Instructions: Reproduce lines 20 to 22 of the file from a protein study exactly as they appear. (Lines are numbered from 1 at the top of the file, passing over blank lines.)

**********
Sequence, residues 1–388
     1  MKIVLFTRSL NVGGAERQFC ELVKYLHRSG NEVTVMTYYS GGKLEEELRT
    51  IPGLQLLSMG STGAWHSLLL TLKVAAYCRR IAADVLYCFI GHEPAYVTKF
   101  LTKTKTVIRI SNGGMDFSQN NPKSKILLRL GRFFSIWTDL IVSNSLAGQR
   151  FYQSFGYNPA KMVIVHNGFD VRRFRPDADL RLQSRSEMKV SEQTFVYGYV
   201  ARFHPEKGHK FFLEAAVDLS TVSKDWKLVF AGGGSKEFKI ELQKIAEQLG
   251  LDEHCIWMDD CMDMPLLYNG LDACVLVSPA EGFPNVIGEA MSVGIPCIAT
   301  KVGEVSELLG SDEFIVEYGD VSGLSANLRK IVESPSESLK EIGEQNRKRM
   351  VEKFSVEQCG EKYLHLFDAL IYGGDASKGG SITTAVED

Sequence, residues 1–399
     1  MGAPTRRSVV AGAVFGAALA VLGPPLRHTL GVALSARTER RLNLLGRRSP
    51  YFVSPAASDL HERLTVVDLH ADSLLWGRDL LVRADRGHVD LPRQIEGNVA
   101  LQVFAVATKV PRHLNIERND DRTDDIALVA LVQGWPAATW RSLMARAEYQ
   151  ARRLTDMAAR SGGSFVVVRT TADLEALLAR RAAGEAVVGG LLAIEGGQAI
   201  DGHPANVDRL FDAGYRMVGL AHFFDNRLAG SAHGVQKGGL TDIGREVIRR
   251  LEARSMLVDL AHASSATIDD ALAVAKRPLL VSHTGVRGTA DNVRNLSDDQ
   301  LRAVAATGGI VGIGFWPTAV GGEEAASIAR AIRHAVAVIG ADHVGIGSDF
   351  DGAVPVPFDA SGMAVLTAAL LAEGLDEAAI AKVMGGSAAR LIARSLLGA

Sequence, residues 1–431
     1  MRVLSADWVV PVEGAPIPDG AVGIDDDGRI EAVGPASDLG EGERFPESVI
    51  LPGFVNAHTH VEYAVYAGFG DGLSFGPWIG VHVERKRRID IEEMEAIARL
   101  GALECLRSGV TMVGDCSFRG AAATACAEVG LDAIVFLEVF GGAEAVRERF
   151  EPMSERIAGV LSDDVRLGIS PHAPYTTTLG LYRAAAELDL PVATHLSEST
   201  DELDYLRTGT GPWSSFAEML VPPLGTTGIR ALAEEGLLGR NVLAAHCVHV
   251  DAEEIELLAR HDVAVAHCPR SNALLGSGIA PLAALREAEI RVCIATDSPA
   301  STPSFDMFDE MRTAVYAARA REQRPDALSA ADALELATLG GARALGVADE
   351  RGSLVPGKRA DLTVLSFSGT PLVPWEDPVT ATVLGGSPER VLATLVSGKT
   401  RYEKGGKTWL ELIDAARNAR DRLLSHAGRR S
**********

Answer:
     1  MRVLSADWVV PVEGAPIPDG AVGIDDDGRI EAVGPASDLG EGERFPESVI
    51  LPGFVNAHTH VEYAVYAGFG DGLSFGPWIG VHVERKRRID IEEMEAIARL
   101  GALECLRSGV TMVGDCSFRG AAATACAEVG LDAIVFLEVF GGAEAVRERF